"It's in Abilene's hands," says architect Karen Harris, referring, of course, to the Army Medical Department Museum in that Texas town. "They say lending us that seat would not be appropriate, and sometimes they act like they don't even have it. But they do."
In fact, Mamie's toilet seat is listed as number 508 on the museum's inventory list. Could such a zealously catalogued item ever be exhibited with proper reverence? Perhaps, but after two years of trying to get Texas to extradite the seat, Harris isn't waiting around. The restoration of the hospital room once occupied by President Dwight Eisenhower has already taken twice as long as it should have, and many historic artifacts are still missing.
"Endless avenues remain open to us," Harris says, with a touch of exhaustion.
Recognizing the room's historic importance, powers that be at the University of Colorado Health Sciences Center, which is moving into what had been Fitzsimons Army Hospital, decided the time was right to recognize the VIP suite that was occupied by ailing military brass before the hospital closed. And no VIP was brassier than General Eisenhower, who suffered a heart attack in September 1955 and ran the country from room 6044 of Fitzsimons for the next seven weeks. Not about to abandon their leader, his wife, the Secret Service and much of the White House press corps also camped out there.
With a grant from the Colorado Historic Fund, Harris and designer Lisa Gallun set out to renovate the space into a museum devoted not just to history, but to health care. This is why Harris's conference table, located in her small Capitol Hill office, is covered with Eisenhower-era nurse call buttons, glass ashtrays, ugly lamps and dangerously wired wall outlets.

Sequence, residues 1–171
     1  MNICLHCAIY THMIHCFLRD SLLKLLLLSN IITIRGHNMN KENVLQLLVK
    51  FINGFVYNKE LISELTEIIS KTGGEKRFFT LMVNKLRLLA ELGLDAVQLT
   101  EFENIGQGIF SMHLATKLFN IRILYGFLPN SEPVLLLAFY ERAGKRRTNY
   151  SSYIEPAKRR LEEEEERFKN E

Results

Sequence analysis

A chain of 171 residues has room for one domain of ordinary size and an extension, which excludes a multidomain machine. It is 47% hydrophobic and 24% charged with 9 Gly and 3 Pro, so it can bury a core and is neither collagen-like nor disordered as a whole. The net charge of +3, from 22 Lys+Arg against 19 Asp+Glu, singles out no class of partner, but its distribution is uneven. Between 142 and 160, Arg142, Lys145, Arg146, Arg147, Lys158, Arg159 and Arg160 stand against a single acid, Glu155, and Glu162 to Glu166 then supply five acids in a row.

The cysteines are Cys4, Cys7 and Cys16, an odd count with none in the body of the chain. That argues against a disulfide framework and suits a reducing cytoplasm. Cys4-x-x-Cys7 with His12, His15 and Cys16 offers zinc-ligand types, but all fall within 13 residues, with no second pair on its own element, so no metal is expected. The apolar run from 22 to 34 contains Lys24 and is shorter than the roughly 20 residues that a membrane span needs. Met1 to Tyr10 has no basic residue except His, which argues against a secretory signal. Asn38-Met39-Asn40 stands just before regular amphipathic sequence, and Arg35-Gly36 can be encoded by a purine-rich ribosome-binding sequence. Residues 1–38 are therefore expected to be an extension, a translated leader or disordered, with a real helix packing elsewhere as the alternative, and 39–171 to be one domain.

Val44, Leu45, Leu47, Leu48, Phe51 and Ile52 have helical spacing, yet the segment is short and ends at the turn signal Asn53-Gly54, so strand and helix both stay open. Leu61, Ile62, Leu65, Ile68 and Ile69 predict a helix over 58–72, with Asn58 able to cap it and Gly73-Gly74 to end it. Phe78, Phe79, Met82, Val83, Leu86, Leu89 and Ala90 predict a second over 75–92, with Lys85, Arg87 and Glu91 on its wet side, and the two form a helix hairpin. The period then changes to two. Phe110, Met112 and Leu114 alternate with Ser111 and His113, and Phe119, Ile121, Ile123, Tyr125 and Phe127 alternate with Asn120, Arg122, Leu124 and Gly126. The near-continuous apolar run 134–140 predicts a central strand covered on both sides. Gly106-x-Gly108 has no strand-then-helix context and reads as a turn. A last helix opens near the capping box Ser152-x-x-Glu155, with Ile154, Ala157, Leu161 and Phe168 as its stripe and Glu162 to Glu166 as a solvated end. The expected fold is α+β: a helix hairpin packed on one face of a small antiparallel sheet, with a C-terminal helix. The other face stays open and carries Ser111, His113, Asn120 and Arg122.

"This is our little Eisenhower world," she explains.
The big Eisenhower world is far out on East Colfax Avenue, on the eighth floor of the former hospital, which is now known as "historic building 500." The beautiful, ghostly Fitzsimons lobby gleams with plated-steel details -- caduceus-themed railings, silvery mailbox chutes and curved wall moldings. A state-of-the-art-moderne elevator leads past floors unoccupied since 1995 and now in various stages of demolition -- including abandoned operating rooms on the sixth, where it looks like a crew of violent surgeons joined in one last melee before they left for good.
Those rooms have been a gold mine for Larry McHale, the carpenter working on the Eisenhower restoration. As he unwraps 6044's many layers of '70s and '80s remodels, he will need a hinge, say, or a handle. Roaming around the other floors, he usually finds what he needs.
"There's a lot of cool stuff down there, but it's freaky, and I don't like it," he admits. "I hear it's haunted."
Only Eisenhower's bathroom fixtures -- porcelain behemoths dating to 1941, when the hospital was built -- had maintained their integrity. McHale removed acoustic tile, raised ceilings, exposed classic linoleum and combed the ruins for a 1940s wall locker. Today, he's returning the walls to a '50s-era buttery yellow.
"It's pretty much constant," he says. "I'm only thirty, so I don't remember the guy, but I like the work."
Mitzi Schindler, spokeswoman for CU Health Sciences Center, is pleased with the progress on the centerpiece of what will be an administration building. "It's not all that fancy," she says, "but Ike was a military man. He didn't expect frills."
Like Harris, Schindler has pored over a series of black-and-white photos taken for the military archives immediately after the president's departure. Those pictures show the suite in perfect order, complete with fresh flowers from admirers. (The largest arrangement came from the King of Siam.)
"But how are you supposed to know what color stuff is?" Schindler complains. "Like these ugly curtains. You can tell they're complicated, but what color? We're hoping people out there might remember. Before I realized how important that kind of thing is, I had a woman come through here who said she had those same drapes at her house. My first thought was, 'I can't believe she'd admit that.' I didn't beg her to donate them, and that got me in some trouble."